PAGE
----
Four-and-a-half months of recovery from a shoulder injury cut short JP Duminy's involvement with South Africa this season, but it also gave him the chance to reflect and gain some perspective. Duminy turns 35 in a month, and he has indicated that his desire to spend more time with his growing family was at the root of his decision to retire from ODI cricket after the World Cup.
"With the break, with the shoulder surgery, I had a lot of time to reflect on where I want to go in my career and what's important to me in the immediate future," Duminy said the day before South Africa's fifth and final ODI against Sri Lanka at Newlands. "My family becomes a big part of that. I have two growing children and I want to be a present father. I've seen the difference it makes, being at home.
"I've had an illustrious opportunity in my international career, and it's been a massive privilege to be part of the green and gold for so many years. But I've just got to that point from an appetite point of view for international cricket and the demands it has on a daily basis, it's come to the end."
Duminy looked back on a couple of highlights in an international career that stretches back as far as 2004, when he made an inauspicious debut batting at No. 8 in South Africa's one-day side, before establishing himself a couple of years later. He pointed to South Africa's historic series victory in Australia 2008, during which he made his Test debut, as well as being part of the first South African win in Sri Lanka, as standout moments for him in the Test arena, while in ODIs, "I think the hat-trick in the 2015 World Cup definitely stands out," he said.
"It feels like there's something more to this World Cup. I think it's because it's my last and you can see the finish line" JP DUMINY
It hasn't all been easy, and Duminy added that "being part of the team when Mark Boucher got injured with his eye in 2012, that was a tough time for the team to deal with".
"But it's the journey that one remembers," he added. "It's not necessarily the start or the finish. It's the journey that you thoroughly enjoy. The friendships that you make over the years, not only internationally, but playing in tournaments around the world and forming relationships and friendships with different players across the board has been a huge privilege. I know it's not the final curtain, but it's a chapter that is going to be closing pretty soon. But a huge privilege, and one that I will always be grateful for. This team that I've represented for so many years, the Protea fire that we've formed, the bond and the culture that's been formed within this group has been an amazing honour to be part of, and to be part of that journey."
Duminy was at pains to point out that he will continue to play T20 cricket - both for Cape Cobras, as well as South Africa - and said that he still has "massive aspirations" to be part of South Africa's World Cup squad.
If he does make the trip - the squad has not been announced yet, and there are no guarantees - this will be Duminy's third World Cup, and one that will hold a particular significance for him as a coda to his ODI career. "It feels like there's something more to this World Cup. I think it's because it's my last and you can see the finish line. So there's a greater cause to it, a bigger purpose to it, and that's what brings the most excitement out of it," he said.
Duminy also suggested that, under the leadership of Faf du Plessis, South Africa will head to the 2019 World Cup with a much more relaxed mindset than has been the case in previous tournaments, where South Africa have often been pre-tournament favourites but have also (in)famously floundered in crunch games.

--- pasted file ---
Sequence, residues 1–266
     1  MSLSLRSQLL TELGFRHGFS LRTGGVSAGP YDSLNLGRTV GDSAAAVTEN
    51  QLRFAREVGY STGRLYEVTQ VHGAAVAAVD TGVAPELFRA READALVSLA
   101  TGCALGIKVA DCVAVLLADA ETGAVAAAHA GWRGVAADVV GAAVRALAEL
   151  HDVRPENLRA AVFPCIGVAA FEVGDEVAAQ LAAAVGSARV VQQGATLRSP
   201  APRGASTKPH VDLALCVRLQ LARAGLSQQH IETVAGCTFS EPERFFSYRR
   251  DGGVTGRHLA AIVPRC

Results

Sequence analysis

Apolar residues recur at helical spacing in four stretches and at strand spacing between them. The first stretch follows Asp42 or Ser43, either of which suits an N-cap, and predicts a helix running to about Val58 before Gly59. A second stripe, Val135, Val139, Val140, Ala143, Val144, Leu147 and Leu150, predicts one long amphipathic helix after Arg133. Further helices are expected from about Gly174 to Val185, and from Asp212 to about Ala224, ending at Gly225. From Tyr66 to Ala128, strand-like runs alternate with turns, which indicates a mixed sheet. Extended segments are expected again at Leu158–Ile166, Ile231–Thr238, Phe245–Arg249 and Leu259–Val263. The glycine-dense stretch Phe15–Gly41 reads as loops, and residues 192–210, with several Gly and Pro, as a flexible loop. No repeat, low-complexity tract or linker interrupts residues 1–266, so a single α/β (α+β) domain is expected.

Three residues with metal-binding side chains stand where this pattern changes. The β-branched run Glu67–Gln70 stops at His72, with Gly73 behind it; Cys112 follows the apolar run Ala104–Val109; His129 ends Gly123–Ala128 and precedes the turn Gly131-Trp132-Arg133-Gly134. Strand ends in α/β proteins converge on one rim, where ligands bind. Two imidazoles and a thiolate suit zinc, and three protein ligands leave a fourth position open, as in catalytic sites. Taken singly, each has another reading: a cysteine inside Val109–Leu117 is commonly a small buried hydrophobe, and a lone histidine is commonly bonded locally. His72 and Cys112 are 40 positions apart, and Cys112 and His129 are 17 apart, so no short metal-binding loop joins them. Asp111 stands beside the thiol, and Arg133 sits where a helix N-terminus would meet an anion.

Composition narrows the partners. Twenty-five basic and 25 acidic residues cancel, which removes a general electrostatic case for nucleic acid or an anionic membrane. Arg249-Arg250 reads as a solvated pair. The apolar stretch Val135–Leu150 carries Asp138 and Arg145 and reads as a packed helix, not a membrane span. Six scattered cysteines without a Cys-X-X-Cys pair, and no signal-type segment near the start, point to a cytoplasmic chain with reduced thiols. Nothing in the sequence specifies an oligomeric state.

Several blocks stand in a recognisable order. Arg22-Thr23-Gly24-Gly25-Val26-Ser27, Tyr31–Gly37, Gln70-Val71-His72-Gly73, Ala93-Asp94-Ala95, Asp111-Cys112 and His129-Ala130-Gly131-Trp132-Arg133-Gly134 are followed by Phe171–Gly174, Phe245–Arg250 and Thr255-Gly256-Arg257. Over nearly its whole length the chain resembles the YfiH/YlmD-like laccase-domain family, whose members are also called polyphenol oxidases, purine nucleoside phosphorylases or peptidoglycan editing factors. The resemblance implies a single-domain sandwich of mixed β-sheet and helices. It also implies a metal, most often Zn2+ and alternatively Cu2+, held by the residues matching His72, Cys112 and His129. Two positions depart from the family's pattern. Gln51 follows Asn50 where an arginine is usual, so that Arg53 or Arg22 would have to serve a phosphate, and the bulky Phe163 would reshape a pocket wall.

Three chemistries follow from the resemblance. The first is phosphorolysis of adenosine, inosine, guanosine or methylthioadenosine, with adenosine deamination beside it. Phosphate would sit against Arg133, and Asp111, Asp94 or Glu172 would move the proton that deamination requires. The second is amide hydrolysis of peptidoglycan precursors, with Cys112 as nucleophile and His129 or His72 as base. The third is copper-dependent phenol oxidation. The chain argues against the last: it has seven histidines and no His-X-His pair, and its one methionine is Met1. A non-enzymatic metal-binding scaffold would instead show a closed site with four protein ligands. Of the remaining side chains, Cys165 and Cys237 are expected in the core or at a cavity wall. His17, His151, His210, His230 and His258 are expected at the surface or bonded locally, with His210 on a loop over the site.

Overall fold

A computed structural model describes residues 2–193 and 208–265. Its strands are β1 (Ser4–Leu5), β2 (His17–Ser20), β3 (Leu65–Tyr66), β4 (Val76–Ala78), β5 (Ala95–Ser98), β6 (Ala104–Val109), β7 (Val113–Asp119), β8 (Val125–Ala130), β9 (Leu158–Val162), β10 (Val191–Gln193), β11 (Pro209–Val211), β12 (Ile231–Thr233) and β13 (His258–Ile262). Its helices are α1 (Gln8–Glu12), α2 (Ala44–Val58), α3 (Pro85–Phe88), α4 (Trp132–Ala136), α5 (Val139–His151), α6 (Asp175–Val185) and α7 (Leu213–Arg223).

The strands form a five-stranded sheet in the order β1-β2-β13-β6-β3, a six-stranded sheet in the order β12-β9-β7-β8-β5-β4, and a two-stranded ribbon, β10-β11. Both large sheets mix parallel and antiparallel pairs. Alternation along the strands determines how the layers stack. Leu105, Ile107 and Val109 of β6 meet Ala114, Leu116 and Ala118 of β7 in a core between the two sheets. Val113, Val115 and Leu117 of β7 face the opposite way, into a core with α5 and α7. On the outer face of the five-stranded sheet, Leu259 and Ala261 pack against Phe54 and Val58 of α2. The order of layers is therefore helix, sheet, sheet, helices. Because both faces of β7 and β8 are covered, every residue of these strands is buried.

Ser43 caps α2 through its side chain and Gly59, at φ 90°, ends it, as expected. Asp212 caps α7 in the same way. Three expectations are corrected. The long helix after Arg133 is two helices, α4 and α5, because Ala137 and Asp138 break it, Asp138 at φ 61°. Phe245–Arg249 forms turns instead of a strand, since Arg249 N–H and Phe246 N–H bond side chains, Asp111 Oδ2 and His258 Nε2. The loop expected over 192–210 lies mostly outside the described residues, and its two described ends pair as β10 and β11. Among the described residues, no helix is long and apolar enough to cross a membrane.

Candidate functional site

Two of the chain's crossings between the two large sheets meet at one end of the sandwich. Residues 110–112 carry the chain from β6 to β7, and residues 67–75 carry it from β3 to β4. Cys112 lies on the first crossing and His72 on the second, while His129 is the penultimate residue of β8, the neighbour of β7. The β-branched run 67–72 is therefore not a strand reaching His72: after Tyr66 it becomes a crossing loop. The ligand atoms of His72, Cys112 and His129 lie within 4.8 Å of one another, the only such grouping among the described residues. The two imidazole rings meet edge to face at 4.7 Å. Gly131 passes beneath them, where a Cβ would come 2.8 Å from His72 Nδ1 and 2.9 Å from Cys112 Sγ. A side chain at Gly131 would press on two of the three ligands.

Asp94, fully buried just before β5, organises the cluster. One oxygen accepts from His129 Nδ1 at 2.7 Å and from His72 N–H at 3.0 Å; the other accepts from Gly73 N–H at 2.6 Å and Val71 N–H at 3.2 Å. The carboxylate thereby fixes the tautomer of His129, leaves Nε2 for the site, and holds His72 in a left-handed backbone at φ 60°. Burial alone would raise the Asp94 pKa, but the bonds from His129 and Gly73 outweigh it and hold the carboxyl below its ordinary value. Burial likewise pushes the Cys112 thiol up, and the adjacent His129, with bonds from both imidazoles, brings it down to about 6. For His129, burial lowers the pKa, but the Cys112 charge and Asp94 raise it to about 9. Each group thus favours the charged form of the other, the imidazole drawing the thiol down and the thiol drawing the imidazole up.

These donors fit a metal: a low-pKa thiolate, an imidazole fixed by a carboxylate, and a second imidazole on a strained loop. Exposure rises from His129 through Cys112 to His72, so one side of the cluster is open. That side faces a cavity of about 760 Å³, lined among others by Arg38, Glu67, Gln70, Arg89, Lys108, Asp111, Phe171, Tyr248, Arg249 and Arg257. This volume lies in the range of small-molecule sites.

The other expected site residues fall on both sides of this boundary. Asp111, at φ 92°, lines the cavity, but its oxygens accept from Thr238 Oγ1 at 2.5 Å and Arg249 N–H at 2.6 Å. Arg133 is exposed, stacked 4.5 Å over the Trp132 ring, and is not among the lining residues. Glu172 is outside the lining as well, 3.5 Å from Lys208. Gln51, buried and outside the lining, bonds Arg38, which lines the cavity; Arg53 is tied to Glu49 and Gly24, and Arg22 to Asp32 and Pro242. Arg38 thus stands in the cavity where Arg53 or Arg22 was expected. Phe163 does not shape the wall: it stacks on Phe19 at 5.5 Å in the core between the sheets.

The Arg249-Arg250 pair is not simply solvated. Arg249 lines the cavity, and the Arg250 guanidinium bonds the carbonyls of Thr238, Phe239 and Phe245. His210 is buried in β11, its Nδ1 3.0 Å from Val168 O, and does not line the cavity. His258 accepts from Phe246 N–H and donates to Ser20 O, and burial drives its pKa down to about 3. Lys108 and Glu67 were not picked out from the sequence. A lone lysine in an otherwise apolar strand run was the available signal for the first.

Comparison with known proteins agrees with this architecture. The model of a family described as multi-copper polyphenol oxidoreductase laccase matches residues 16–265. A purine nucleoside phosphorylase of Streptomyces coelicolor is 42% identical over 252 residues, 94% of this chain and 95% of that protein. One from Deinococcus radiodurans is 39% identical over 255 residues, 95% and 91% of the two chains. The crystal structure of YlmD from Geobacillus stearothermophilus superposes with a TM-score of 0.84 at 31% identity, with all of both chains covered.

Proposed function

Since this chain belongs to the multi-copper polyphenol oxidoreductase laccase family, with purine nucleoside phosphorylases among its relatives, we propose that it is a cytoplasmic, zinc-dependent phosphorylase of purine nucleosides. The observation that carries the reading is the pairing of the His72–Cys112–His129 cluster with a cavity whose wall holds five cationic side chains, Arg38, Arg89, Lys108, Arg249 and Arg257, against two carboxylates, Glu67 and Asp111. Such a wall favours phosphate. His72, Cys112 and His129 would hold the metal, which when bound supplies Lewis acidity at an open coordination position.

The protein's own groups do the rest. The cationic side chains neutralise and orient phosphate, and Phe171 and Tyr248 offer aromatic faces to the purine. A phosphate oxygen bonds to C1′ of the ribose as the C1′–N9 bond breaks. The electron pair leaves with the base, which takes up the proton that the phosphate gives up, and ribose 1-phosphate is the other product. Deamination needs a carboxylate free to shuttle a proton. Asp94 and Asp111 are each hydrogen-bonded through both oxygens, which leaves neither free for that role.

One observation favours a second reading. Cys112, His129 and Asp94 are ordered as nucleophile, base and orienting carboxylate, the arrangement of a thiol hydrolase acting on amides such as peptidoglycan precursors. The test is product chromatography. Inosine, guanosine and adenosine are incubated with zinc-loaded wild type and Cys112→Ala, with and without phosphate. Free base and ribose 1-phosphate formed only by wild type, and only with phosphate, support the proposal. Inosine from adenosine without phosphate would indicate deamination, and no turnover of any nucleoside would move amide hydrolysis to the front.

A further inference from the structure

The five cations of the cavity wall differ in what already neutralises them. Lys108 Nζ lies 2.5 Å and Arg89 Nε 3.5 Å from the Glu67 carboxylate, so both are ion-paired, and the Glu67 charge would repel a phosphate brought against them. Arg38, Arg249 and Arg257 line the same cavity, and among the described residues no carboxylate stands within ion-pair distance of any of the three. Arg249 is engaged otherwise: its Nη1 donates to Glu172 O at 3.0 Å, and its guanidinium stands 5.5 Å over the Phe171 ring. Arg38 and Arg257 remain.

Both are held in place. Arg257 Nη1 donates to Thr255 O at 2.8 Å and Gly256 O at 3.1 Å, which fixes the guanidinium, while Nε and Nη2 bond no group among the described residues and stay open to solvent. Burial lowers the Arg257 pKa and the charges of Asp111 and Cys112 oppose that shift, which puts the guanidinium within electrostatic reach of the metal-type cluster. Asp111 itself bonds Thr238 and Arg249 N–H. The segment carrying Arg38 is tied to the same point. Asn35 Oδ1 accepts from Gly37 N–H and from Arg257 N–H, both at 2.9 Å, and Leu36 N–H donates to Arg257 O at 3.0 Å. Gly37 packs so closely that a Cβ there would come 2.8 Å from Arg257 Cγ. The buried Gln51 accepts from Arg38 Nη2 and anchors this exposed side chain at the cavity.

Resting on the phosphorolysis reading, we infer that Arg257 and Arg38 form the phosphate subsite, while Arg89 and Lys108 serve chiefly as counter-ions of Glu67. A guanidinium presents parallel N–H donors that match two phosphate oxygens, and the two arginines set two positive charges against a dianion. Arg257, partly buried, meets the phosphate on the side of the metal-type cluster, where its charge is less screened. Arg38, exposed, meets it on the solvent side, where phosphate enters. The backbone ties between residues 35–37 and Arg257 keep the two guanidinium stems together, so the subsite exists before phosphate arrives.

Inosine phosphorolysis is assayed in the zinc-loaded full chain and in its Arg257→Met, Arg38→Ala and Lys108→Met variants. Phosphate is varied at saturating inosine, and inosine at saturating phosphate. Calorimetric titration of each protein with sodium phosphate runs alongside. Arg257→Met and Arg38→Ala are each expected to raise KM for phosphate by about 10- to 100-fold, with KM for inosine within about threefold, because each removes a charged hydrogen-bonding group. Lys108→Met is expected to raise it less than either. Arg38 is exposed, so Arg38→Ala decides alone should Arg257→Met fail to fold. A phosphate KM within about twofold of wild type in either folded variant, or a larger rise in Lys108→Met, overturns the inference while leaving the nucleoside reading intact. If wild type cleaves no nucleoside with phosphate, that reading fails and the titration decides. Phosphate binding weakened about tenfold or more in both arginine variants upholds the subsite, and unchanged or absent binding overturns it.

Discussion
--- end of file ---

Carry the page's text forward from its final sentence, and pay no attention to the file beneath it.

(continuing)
"I do think there is a slight change in the mindset that we're going to this World Cup with, particularly under Faf's guard. We're going with a more relaxed feel. It's not that it's an easy way out, by any means. It's more just a case that we're going there to give our best. At the end of the day, that's all we can do. There's no guarantees of what success looks like to the general public, or to us," Duminy said.
"We're going there with a mindset of, we're going to have fun. We're going to give our best, whether it's in our practices, in gym, on the cricket field when we're playing, individually putting in personal performances. Nothing is going to be taken away from us in terms of what we're going to put out there. But it doesn't guarantee anything. That's the beauty of this tournament. Yes, you can go as favourites, you can go as ranked No. 8 in the world, and it's about what you produce on the day."
Duminy isn't the only iconic South African player who will be calling time on his ODI career after the tournament. Imran Tahir has also announced that he will retire from ODIs after the tournament, while Dale Steyn might also narrow his focus to Test cricket, and Hashim Amla is nearing the end of his international career too. South Africa are about to enter a period of transition as the guard is changed and the younger generation rises to the fore, and Duminy is excited about what the future might hold.
"There's going to be a transition period, no doubt," he said. "There might be a few other transitional phases that South African cricket will go through, but I think we'll be stronger for it. We've seen that the game of cricket carries on. No player is bigger than the game, or bigger than the team. The state and the health of South African cricket is in a good place. There are some good cricketers coming through.
"Yes, that transition can be one where there's a bit of an up and down period, we don't know how that's going to play out. But I think the stock that we possess as a South African cricket fraternity is really good, and we're going to be stronger for it. There's some exciting cricketers coming through, who I personally believe are going to represent South Africa for a number of years, so I'm quite excited to see what the future holds."